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Comments by Robert Hargraves Subscribe

On The LNG Terminal Building Bonanza has Begun

I assume the $10 billion per export terminal included the liquifaction plant. It will take many years to build each. Exporting LNG will increase demand for natural gas, driving up the price for US consumers and power plants.

April 12, 2015    View Comment    

On How to Read a 2015 Article About Electric Power

The article says "Electricity can be converted and stored as potential chemical energy (batteries)". As you mention, electrcity can be used to separate water into hydrogen and oxygen; it can be recombinded chemically (burned) to recover the energy, but the efficiency is well below 50%. Making the burning ammonia, NH3, is another way to convert electrical energy to chemical energy, then back. Fuel cells are another way of harvesting stored chemical potential energy.

January 3, 2015    View Comment    

On Launching a New Way to Explore Energy and Human Development

Also see

November 11, 2014    View Comment    

On Examining Nuclear Energy as Climate Option, Part I

Great analysis and exposition. I'll look forward to Part 2. If you want to see an MSR design in detail, visit

November 11, 2014    View Comment    

On Still No Sign of the Rational Middle?

"Coal is good for humanity, coal is good for prosperity, coal is an essential part of our economic future.." is the mantra of Australia and more importantly the more populous developing nations. The development of molten salt reactors with energy cheaper than coal will change all this. Economics always wins out. This Facebook page shows how close we are to achieving this.

October 20, 2014    View Comment    

On Energy Use of a 100-Watt Light Bulb per Year by Source

The full-time 100-watt light bulb gives a convenient reference. Providing 100 watts of electricity won't solve the energy poverty problem, even substituting LEDs for incandescent light bulbs (which is a good idea in any case). US consumption averages 1683 watts per capita. My own recommended miniumum for developing nations is 228 watts. Here are the averages for a few countries:

US 1683 watts

Canada 1871

EU 688

India 90

China 447

Norway 2603

Germany 861


Australia 1114

To solve this we need clean, safe, reliable, abundant energy cheaper than coal.

October 9, 2014    View Comment    

On Biomass: The World's Biggest Provider Of Renewable Energy

Robert, This is an excellent, well-written, documented article. I had no idea that growth of biomass energy in Germany was triple that of wind and solar.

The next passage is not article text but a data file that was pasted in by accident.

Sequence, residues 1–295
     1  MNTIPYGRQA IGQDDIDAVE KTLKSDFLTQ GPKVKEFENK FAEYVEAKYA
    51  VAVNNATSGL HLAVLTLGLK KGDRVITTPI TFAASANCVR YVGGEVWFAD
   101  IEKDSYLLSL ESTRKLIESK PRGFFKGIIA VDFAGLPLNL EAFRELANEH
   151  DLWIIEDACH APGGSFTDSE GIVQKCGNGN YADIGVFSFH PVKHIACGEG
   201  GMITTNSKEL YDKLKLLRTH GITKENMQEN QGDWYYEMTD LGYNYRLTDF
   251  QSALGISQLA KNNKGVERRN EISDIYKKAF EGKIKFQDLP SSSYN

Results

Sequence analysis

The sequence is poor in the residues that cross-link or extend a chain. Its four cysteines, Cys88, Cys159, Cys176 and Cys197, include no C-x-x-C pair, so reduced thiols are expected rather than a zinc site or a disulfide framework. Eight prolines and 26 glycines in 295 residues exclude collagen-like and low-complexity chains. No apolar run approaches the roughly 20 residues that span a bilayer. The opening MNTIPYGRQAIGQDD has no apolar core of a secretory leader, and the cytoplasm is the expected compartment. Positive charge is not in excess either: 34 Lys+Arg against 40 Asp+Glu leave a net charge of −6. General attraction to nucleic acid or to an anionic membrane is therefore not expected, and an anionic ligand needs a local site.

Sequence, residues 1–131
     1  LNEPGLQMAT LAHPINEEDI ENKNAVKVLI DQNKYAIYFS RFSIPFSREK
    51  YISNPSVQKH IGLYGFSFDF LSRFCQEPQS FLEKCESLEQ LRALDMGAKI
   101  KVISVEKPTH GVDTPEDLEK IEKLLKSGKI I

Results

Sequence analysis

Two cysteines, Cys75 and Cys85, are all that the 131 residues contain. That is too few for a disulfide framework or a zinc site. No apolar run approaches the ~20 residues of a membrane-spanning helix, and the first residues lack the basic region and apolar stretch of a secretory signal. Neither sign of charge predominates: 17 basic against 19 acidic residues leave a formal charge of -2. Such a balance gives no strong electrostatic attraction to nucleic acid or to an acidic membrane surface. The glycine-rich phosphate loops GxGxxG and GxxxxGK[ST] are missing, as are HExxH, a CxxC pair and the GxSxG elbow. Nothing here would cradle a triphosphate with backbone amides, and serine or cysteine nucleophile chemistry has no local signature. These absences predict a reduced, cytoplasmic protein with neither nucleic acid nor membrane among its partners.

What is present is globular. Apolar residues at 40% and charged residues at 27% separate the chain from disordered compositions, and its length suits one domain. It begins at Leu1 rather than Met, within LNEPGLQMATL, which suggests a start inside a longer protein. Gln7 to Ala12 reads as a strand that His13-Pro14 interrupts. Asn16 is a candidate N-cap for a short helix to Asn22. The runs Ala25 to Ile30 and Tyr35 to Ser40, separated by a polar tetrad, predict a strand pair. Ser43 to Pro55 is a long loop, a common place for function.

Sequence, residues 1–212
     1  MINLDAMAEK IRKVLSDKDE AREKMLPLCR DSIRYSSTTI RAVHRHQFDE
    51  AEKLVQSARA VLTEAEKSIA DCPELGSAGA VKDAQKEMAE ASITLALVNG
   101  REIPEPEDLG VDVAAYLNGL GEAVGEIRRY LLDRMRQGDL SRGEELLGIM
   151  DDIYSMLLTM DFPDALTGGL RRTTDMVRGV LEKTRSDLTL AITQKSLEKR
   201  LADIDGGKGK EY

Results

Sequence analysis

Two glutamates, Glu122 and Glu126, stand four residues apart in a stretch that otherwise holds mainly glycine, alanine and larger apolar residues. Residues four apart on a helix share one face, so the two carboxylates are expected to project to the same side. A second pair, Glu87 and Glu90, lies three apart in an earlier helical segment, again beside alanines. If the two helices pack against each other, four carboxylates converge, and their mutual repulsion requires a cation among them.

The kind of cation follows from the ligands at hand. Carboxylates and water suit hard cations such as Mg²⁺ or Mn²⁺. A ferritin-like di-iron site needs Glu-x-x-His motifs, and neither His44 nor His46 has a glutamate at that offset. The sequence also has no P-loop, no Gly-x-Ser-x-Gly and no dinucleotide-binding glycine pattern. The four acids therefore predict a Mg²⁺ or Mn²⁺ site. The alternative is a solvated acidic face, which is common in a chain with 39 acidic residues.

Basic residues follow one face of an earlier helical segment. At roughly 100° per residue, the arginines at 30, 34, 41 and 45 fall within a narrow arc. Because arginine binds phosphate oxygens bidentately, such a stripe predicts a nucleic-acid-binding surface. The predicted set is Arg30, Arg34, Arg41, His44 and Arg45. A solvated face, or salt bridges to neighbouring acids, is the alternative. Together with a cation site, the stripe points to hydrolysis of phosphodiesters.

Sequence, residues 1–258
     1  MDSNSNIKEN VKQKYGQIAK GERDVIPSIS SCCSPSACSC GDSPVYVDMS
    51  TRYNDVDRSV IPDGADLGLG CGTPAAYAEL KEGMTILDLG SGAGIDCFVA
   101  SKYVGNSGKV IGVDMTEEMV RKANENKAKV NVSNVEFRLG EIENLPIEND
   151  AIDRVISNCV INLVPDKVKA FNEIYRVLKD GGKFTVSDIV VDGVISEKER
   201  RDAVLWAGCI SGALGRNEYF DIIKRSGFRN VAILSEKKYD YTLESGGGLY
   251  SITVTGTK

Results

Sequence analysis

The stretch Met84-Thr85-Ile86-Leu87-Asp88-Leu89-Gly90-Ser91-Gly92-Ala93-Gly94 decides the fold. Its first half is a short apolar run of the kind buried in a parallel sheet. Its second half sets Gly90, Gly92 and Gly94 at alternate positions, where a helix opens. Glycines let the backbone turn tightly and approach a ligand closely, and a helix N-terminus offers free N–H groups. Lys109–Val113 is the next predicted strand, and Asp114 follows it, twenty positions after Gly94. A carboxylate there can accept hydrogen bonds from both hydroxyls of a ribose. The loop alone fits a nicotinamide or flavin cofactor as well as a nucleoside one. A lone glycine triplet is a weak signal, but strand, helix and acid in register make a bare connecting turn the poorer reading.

April 24, 2014    View Comment    

On Why a Climate Treaty or Carbon Tax Is Unlikely

I strongly agree with the premise that carbon taxes are unlikely. Even if wealthy countries such as the US could agree to them, the developing world so desparately needs affordable electricity they will burn what ever is cheapest -- now coal. But you discount the possibility that advanced nuclear power can provide energy cheaper than coal, writing Nuclear power cannot overcome "not in my backyard" objections to siting generation or waste facilities. Objections are becoming overcome. Support for nuclear power is increasing. In Nevada two candidates for the US House or Representatives are supporting the Yucca Mountain waste depository. Politicians in Texas are rallying support for a waste isolation facility in West Texas. Just this week, China announced negotiations with Westinghouse for eight (8) more AP1000 reactors.

April 23, 2014    View Comment    

On Russian Gas Exports and Western Encroachments on Russia

Yes, we brought this crisis on ourselves by overreaching to expand NATO to Russia's borders. Better would have been to invite Russia into NATO.

April 17, 2014    View Comment    

On Powering to Climate Mitigation

Jim, nothing can instantaneously roll back the risks cited in the IPCC paper. Even if we develop a new industry that can produce small modular reactors in factories, the way Boeing produces airliners, it will take many decades to produce enough units to displace fossil fuel burning worldwide.

The waste heat of all thermal/electric power plants, including nuclear, is a necessary byproduct of the thermodynamics of the conversion of thermal energy to electricity. But that heat is small in comparison to the heating of the earth from the COw-caused imbalance of solar radiation onto and infra-red radiation from the earth. The OTEC wouldn't stop that, but it would, as you say, move the heat to the relative safety of the deep ocean. It will all get there eventually, though it might take centuries; it wouldn't stop the heat additions, however.

April 4, 2014    View Comment    

On Powering to Climate Mitigation

You wrote "Although all clean energy sources are an improvement over fossil fuels, only hydroelectricity and ocean thermal energy conversion (OTEC) have the potential to instantly rollback some or all of the environmental damage that is currently occurring and threatens to increase." But nuclear power is a proven option.

April 3, 2014    View Comment    

On Dollar a Gallon Gasoline

I applaud the focus on costs. It's critical that costs be addressed at design time, not by subsequent cost-reduction efforts. Costs are a focus of the book, THORIUM: energy cheaper than coal.

You rule out dollar-a-gallon gasoline from nuclear power because achieving that price will require electricty costing 1-2 cents/kWh. However new designs for thorium molten salt reactors promise costs of 3-4 cents/kWh, so two-dollar-a-gallon gasoline might be achievable. These new reactors should cost ~$2/watt of capacity. Westinghouse AP1000 nuclear power plants today in China are being built at $2/watt, much better than the $5/watt stated.

Skylon looks cool.

April 3, 2014    View Comment